The thyroid is a small gland located at the base of the neck. This is responsible for the production of hormones that help regulate metabolism. The thyroid is susceptible to a number of disorders including hyperthyroidism and cancer. In such cases, a thyroidectomy may be recommended. This can be categorized as a complete thyroidectomy where the entire thyroid gland is removed or a partial thyroidectomy where only a part of the thyroid is removed.
Thyroidectomy for removal of tumours
This is one of the most common reasons for a thyroidectomy. In many cases, the modules may be benign but removing the thyroid gland at an early stage ensures that these nodules do not grow large enough to obstruct the air passage in the throat. They could also cause an overproduction of thyroid hormones that in turn affects metabolism. If left untreated, these nodules may also turn cancerous. In the case of cancerous tumours, the doctor may also remove some of the surrounding tissues.
Thyroidectomy for hyperthyroidism
Hyperthyroidism is a condition where the thyroid gland produces more than normal amounts of the thyroid hormone. The result of this could be an increased heart rate, tremors in the hands, excessive sweating and weight loss. In most cases, hyperthyroidism is a result of an autoimmune condition called Graves’ disease. This can be treated by a partial or complete removal of the thyroid gland.
Thyroidectomy for thyroid goitres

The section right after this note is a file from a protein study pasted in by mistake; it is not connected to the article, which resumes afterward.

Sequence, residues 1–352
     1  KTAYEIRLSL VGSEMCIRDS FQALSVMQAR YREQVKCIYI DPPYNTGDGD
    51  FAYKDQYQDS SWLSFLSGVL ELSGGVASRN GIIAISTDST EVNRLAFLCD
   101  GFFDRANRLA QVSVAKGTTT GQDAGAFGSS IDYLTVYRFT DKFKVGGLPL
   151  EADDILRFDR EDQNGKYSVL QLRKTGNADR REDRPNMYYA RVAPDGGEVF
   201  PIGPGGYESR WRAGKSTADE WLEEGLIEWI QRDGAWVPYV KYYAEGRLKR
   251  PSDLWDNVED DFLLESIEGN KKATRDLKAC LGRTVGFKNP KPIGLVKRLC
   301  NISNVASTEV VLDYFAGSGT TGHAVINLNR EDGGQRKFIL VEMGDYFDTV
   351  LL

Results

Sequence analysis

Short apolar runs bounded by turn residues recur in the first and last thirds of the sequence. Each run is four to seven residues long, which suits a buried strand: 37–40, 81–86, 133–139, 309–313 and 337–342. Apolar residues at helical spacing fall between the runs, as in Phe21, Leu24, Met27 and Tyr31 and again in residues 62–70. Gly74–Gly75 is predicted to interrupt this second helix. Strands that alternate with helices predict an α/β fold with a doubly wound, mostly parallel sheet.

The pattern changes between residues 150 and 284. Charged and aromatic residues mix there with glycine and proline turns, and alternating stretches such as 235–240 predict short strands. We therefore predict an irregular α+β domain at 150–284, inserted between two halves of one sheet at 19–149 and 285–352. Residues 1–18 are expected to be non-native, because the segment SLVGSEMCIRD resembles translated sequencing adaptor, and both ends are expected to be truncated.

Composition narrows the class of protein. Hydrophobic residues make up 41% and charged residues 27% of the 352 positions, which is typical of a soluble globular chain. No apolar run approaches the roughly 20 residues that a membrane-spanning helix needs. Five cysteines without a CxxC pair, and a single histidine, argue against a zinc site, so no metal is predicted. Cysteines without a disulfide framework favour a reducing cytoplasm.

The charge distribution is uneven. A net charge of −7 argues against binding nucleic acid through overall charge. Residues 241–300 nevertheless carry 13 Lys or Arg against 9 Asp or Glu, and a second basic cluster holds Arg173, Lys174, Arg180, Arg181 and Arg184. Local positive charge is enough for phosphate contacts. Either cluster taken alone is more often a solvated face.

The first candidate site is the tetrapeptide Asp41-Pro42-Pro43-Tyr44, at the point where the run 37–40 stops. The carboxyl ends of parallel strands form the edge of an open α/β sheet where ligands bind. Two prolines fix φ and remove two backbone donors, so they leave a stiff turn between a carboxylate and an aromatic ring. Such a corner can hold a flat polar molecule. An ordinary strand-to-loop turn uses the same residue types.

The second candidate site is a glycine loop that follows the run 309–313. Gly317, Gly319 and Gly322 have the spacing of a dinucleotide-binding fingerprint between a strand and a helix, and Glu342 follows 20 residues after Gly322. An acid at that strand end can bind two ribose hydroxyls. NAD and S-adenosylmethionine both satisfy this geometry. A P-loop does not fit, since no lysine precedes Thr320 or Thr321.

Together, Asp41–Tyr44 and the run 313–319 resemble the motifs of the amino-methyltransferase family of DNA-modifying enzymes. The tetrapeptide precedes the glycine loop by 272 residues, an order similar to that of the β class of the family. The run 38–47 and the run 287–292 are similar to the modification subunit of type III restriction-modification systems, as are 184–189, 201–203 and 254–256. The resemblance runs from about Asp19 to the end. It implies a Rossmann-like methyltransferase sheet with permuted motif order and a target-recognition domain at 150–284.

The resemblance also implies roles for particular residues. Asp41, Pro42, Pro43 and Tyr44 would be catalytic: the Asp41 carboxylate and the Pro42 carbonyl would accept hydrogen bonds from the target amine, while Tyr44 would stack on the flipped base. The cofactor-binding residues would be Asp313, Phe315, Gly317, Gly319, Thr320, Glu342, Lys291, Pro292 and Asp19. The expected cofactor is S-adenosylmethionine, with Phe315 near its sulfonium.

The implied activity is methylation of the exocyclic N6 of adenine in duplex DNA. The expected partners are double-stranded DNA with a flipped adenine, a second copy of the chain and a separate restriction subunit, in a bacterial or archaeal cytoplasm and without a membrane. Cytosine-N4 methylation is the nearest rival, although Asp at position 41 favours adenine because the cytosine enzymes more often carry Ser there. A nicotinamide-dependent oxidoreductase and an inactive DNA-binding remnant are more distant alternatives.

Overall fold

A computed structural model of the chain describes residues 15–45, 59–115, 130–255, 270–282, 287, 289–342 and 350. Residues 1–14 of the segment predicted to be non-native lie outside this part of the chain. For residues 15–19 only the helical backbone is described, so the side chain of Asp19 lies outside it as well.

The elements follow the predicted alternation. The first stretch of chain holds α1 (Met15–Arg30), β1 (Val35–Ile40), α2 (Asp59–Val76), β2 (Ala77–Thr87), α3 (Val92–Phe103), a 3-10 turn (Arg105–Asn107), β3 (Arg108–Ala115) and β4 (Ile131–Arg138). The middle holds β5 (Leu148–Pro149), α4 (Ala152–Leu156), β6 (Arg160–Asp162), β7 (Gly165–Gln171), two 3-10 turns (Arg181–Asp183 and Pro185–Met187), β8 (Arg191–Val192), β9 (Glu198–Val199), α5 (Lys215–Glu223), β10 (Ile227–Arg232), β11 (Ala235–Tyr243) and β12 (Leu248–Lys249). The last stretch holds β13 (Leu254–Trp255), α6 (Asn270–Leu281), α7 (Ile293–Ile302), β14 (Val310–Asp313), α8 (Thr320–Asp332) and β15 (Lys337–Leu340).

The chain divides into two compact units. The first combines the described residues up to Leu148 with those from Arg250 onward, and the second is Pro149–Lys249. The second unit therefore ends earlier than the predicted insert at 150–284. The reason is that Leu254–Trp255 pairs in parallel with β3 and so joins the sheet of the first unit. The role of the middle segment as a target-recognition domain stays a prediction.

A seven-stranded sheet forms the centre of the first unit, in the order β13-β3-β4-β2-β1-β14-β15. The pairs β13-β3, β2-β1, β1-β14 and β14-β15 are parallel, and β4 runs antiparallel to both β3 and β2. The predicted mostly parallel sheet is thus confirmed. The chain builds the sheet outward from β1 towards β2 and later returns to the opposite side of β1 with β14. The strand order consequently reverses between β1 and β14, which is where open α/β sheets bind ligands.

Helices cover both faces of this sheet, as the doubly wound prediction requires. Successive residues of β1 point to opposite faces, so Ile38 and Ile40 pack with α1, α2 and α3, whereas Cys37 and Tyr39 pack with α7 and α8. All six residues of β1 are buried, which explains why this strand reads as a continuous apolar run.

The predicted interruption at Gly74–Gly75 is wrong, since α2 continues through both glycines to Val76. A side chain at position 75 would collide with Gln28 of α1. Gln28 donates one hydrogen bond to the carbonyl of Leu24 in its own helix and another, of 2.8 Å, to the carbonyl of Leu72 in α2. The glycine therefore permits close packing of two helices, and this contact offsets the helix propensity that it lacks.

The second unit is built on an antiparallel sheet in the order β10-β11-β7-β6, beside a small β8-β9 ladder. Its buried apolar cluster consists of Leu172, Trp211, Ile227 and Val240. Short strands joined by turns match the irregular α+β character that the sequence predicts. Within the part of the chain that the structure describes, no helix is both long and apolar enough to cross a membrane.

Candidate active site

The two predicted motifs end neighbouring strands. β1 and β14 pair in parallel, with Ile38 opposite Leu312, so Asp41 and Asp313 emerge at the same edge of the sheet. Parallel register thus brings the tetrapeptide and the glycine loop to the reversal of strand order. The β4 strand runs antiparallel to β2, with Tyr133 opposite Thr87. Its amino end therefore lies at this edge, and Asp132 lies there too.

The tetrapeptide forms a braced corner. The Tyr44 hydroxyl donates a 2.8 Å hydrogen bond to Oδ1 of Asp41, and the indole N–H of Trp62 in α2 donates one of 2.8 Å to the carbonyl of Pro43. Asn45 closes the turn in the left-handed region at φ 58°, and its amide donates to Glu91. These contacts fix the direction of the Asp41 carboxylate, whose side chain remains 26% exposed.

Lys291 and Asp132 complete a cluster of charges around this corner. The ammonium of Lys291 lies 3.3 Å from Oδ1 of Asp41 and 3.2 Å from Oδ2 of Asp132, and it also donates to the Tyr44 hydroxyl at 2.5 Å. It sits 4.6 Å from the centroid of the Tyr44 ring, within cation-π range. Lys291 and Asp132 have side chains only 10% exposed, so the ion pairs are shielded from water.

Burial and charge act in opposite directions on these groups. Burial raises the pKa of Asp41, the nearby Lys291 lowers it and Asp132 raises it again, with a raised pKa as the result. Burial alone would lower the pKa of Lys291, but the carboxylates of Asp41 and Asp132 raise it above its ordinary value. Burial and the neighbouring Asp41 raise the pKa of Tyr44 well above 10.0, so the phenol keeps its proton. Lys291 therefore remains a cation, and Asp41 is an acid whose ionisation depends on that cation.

The thyroid gland is also susceptible to enlargement. This is known as a thyroid goitre. Goitres can block the throat passageway and cause trouble breathing and eating food. It can also affect the person’s speech. Hence, they must be removed. Thus a thyroidectomy often recommended in such cases.
How is a thyroidectomy performed?
A thyroidectomy is a relatively safe procedure. This surgery is performed under general anaesthesia and can take up to a few hours. The patient may need to be hospitalized for a few days post-surgery. The surgery can be performed endoscopically, conventionally with an incision made in the centre of the neck or with a robotic approach through incisions made in the chest or armpit. This helps avoid the visible scar on the neck. In case of a complete thyroidectomy, the patient will need hormone replacement drugs after the surgery. These drugs perform the same functions as the hormones that would have been produced by the thyroid gland. This is not needed in the case of a partial thyroidectomy.